Imagine their shock and surprise when a shiny denarius was placed in their hand. They hadn't earned it. They didn't deserve it. But every worker received a full day's pay. And when the workers who had been hired first tried to complain, the master's response showed them just how foolish they were: "Don't I have the right to do what I want with my own money? Or are you envious because I am generous" (15)?

This parable isn't about stewardship or money. The purpose of this parable isn't to help us determine what is fair and what isn't. Jesus didn't tell this parable to instill in his disciples a good work ethic. All of these things are included in the parable, but at the center of it all is the landowner's generosity. And as we seek to identify the heavenly meaning of this earthly story, we see a clear parallel between the generosity of the landowner and the grace of God.

By definition, grace is God's undeserved love for undeserving sinners. Just as the landowner gave his employees more than they deserved, the God of heaven and earth has showered us with more blessings than we could ever imagine. He has given us clothing and shoes, food and drink, property and home, family and possessions. He has given us everything we need for body and life, but none of these blessings from God captures the essence of God's grace.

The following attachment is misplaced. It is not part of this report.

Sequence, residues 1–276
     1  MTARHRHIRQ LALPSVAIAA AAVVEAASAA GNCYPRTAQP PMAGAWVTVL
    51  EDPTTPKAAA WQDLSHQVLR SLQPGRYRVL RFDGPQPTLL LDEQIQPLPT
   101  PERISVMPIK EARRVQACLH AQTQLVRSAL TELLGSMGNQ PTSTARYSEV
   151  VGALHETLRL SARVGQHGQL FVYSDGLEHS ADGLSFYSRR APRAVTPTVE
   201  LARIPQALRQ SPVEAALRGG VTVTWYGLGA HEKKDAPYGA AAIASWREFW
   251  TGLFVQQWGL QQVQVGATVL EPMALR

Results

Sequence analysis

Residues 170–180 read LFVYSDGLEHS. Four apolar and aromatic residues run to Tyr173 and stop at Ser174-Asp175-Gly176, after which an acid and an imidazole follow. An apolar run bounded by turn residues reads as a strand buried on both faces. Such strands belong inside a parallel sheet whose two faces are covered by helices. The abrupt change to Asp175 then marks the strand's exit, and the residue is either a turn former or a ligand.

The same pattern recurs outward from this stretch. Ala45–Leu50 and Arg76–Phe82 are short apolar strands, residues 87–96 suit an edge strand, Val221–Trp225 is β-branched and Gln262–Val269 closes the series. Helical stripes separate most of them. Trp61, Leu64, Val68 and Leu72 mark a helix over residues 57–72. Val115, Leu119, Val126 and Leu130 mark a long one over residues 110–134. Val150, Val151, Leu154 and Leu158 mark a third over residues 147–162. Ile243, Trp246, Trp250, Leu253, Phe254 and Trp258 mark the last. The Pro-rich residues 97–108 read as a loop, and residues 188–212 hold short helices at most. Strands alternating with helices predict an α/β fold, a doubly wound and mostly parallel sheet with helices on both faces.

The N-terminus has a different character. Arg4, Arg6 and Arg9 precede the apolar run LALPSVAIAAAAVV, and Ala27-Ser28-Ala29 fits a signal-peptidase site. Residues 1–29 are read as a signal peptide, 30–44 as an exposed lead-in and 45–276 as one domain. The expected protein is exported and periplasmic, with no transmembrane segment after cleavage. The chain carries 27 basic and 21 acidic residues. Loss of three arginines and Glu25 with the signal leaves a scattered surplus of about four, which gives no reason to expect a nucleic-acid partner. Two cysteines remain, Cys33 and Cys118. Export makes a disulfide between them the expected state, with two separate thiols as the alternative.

God's grace is seen most clearly not in the giving of some thing, but in the gift of someone. God loved us so much that he gave us his Son. Jesus is the greatest gift of God's grace. Jesus is our priceless treasure. He became poor so that through his poverty we might become rich. He gave up his life so that we might have eternal life. We didn't earn it. We don't deserve it. But by the grace of God it is ours.

A proper understanding of grace is essential for a proper understanding of this parable. Grace is also the key that unlocks the meaning of the statement that brings this story to a close: "So the last will be first, and the first will be last" (16).

There is a warning for us in Jesus' words. If we forget what we are (helpers sinners), if we forget what God has done for us (rescued us from our sins), if we take God's grace for granted, if we act like we don't need it, there is a real danger that we will lose it. This is how the first become last. Unbelievers finish last, and their reward is everlasting condemnation.

But there is hope in these words as well. Jesus wants us to know that we have an extremely generous God. We have a God who made us his top priority. We have a God who spared no expense to save us.

By his grace we are first in the kingdom of heaven. By grace alone we know that we have a place waiting for us in heaven. And by faith we take God at his word when he says to us: "I will give you what is right." Amen.